Johns Hopkins researchers in the Initiative for Sustainable Energy Policy (ISEP) at the School of Advanced International Studies have been awarded a grant “Climate Politics During Recessions: Examining Drivers of a Green Economic Recovery” to examine how government stimulus spending, in response to the coronavirus, balances growth and the environment. Jonas Nahm, Assistant Professor of Energy, Resources, and Environment at SAIS and part of the project team notes that “Meeting the Paris Agreement’s goals requires net zero GHG emissions by 2050. Yet, current emissions reductions are inadequate and the Covid-19 pandemic and the ensuing economic downturn might detract policymakers from decarbonization efforts. What conditions lead jonagovernments to invest in decarbonization in an economic recession?”
Existing research shows that economic downturns often cause individuals and governments to prioritize growth over climate. Yet recessions also offer an opening for decarbonization through stimulus spending on infrastructure, transportation electrification, building efficiency, and clean energy technologies. ISEP Director and member of the Leadership Council for the newly formed Ralph O’Connor Sustainable Energy Institute (ROSEI) Johannes Urpelainen, is excited to lead the research and suggests that an empirical approach with “comprehensive analysis of climate-related post-pandemic stimulus spending in G20 economies will fill a critical void in our understanding of domestic climate politics.”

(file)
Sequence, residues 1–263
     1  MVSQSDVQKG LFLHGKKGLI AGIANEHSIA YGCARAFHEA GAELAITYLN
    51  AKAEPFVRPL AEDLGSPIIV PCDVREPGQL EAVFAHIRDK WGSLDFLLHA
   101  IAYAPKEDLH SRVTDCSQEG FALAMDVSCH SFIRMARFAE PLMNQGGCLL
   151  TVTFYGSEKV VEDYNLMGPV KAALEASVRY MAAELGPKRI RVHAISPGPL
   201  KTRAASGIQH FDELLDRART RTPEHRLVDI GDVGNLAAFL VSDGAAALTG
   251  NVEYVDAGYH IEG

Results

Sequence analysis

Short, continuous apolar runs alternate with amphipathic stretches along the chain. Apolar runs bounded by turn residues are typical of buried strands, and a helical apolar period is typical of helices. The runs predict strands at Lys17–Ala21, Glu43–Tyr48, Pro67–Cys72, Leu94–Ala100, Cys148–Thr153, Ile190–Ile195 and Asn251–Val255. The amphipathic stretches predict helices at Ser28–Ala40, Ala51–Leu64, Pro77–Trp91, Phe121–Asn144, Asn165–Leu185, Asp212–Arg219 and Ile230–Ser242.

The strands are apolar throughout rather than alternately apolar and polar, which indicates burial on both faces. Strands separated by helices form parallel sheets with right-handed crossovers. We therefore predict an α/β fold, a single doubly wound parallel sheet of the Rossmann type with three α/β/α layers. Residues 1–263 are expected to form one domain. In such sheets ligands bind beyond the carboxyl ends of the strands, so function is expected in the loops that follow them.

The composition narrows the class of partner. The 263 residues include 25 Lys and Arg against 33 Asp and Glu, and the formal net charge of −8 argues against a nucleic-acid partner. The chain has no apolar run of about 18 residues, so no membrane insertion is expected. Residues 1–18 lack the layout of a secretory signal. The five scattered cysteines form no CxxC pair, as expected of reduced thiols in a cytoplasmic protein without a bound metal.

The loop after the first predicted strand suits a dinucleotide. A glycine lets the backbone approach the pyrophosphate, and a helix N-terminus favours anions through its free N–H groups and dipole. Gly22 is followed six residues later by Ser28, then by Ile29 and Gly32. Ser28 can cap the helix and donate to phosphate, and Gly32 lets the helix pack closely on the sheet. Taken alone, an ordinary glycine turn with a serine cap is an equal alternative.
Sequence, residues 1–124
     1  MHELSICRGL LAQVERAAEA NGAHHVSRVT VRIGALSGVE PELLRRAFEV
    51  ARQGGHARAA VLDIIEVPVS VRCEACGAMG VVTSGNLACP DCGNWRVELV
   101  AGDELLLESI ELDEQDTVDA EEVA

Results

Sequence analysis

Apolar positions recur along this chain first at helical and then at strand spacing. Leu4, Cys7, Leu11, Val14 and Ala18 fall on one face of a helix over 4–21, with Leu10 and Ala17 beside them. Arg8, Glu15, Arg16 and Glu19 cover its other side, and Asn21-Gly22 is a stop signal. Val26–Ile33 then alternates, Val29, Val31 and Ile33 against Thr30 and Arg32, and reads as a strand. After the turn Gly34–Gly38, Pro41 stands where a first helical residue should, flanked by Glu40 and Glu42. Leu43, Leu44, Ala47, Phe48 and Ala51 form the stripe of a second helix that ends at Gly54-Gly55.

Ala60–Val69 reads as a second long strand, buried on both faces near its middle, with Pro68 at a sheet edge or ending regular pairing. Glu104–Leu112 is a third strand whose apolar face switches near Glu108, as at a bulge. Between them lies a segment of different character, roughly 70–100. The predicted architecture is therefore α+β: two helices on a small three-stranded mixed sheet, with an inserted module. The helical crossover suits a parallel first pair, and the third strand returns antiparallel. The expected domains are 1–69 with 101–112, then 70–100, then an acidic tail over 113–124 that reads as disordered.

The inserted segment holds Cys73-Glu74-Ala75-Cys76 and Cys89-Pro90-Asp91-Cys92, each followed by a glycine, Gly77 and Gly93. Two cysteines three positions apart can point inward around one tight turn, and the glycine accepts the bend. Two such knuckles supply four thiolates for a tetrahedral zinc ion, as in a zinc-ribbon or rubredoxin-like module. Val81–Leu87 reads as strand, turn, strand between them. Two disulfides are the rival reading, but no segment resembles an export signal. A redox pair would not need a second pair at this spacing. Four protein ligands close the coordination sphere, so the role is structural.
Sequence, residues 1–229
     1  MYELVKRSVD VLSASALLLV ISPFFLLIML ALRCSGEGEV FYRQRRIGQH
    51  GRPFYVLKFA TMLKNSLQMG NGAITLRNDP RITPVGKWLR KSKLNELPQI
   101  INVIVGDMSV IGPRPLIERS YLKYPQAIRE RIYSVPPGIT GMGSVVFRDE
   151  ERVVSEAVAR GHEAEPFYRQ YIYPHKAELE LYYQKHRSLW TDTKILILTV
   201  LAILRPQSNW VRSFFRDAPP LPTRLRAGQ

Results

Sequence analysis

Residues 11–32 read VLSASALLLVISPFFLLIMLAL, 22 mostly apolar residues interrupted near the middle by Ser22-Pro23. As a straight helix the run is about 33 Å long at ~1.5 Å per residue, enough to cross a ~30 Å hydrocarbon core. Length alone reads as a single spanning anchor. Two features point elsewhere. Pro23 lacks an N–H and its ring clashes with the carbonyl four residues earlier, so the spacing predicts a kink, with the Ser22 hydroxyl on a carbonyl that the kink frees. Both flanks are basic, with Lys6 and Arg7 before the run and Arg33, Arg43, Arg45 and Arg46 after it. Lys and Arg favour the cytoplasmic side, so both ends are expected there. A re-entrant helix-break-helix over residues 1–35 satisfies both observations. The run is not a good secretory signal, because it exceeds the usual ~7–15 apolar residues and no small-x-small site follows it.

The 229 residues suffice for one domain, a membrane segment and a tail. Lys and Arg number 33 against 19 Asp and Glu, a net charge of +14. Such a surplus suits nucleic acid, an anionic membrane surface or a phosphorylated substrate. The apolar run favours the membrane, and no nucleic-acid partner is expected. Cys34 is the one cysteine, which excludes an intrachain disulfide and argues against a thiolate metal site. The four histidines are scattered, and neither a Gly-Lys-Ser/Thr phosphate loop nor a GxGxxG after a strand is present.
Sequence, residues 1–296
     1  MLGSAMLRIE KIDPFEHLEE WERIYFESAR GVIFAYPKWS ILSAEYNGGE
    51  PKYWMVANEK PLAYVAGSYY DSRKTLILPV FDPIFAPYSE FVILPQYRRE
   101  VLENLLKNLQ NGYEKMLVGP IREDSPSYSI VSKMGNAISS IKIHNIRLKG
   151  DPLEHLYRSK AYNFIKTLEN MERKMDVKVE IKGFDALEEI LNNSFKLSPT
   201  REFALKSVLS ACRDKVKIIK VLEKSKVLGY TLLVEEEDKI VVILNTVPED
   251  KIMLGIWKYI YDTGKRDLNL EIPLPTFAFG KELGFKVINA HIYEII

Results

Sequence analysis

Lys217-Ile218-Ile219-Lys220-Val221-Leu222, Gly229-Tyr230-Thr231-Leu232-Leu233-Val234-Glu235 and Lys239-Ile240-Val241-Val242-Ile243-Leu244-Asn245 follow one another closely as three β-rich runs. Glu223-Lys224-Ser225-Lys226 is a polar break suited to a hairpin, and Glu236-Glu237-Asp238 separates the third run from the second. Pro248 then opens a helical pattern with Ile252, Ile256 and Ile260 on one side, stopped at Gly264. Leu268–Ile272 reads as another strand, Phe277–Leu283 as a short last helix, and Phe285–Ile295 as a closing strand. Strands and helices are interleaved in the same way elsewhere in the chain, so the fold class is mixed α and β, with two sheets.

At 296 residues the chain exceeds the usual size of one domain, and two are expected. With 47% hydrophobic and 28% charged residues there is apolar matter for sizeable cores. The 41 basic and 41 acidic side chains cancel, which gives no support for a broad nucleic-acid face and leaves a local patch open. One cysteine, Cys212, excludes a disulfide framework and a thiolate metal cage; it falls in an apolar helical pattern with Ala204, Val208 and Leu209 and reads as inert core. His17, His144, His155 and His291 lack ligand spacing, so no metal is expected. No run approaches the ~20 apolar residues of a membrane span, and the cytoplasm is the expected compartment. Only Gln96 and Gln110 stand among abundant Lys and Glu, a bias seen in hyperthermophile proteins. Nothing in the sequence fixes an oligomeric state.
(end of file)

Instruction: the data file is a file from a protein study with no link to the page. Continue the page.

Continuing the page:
The research team will identify the drivers behind stimulus spending by combining cross-national comparative analysis of spending packages with in-depth case studies of four advanced and four emerging economies. Nahm says “We expect that two factors determine whether and how governments use stimulus spending to invest in decarbonization: the relative strength of domestic economic interests and the permeability of the policymaking process to interest group influence.” The unexpected and near-simultaneous onset of the recession globally enables the team to consider green recovery efforts across both advanced and emerging economies and to examine the importance of pre-existing factors minimally influenced by the crisis itself.
The unique nature of the current recession and the universal use of stimulus packages to aid economic recovery offers an opportunity to revisit debates about the trade-offs between environment and growth and allows the team to build a cross-national explanation that addresses gaps in existing research. The research is being funded by the Research Council of Norway.